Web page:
SPORTING commentators have leapt the defence of a German member of the International Olympic Committee after he was accused of performing a Nazi salute at the London Games' opening ceremony.
Walter Tröger was in the stands at the Olympic stadium during Danny Boyle's spectacular display.
As the German team entered into the 80-000-seater arena, Mr Tröger was caught on camera repeatedly extending his left arm back and forth, drawing criticism from German media.
While Hitler and the Nazis used their right arm to display the notorious gesutre, German newspaper Der Tagesspiegel accused Mr Tröger of sending the nation back to "Berlin '36", in a reference to the games overseen by Hitler.
The newspaper wrote: "Even if it was only the left arm - a touch of involuntary Berlin was in the London opening ceremony air.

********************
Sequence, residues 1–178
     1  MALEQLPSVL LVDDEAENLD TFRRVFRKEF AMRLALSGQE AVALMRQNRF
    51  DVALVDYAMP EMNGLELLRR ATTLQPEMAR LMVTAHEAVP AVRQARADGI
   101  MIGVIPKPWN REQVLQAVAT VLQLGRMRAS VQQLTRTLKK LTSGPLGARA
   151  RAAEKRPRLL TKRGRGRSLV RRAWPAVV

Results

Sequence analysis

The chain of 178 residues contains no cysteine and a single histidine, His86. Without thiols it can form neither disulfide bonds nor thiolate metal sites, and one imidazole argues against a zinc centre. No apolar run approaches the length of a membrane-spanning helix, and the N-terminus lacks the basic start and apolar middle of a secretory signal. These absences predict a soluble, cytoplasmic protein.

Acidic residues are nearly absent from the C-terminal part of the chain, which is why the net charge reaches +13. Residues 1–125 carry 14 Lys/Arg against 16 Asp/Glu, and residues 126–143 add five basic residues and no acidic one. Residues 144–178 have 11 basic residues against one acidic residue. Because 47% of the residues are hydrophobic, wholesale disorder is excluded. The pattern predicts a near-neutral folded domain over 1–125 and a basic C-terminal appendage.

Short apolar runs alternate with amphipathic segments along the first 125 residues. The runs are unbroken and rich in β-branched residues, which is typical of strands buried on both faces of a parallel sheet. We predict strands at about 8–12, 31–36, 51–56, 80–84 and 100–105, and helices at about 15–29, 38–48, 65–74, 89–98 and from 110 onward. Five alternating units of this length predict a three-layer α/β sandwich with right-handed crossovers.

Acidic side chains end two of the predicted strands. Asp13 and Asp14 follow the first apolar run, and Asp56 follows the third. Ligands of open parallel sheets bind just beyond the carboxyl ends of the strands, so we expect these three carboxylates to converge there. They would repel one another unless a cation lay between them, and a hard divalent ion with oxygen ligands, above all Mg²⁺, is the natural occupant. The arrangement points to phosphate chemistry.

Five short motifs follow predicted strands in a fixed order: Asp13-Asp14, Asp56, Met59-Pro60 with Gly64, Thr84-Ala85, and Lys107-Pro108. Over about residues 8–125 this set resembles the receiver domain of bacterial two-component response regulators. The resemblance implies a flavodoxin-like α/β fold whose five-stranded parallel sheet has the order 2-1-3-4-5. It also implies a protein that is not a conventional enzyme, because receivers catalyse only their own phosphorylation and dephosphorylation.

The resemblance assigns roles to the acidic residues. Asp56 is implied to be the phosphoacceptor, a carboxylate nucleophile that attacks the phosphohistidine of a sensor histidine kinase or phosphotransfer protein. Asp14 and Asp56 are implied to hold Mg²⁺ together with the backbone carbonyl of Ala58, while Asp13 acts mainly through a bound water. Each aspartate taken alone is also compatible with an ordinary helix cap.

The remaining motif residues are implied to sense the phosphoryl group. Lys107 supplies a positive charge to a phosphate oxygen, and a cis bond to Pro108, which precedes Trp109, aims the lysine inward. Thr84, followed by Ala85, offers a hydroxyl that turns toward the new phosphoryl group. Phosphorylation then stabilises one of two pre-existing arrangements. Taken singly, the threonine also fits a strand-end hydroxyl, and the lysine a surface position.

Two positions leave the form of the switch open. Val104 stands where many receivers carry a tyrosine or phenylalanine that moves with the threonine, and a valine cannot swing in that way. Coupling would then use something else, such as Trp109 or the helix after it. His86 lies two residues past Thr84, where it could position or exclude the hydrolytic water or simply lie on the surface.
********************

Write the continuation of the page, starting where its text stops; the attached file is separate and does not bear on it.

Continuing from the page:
"The greeting of yesterday was brought back to the present."
However, defenders of Mr Tröger suggested that he has a track record of helping Germany recover from its Second World War legacy.
They pointed out that as mayor of Munich in 1972, he offered himself in exchange for the Israeli hostages taken by Palestinian terrorists.
In 2004, he complained to an IOC meeting about Germans wearing t-shirts reading: "Blitzkrieg - it's only a game".
A spokesman for the German Olympic Sports Federation decried any Nazi association: "He's been standing all his life for tolerance, understanding and fair play."
While an IOC spokesman claimed: "I can't think of anyone who is less antisemitic than him.
"He is devastated that it was interpreted in this way."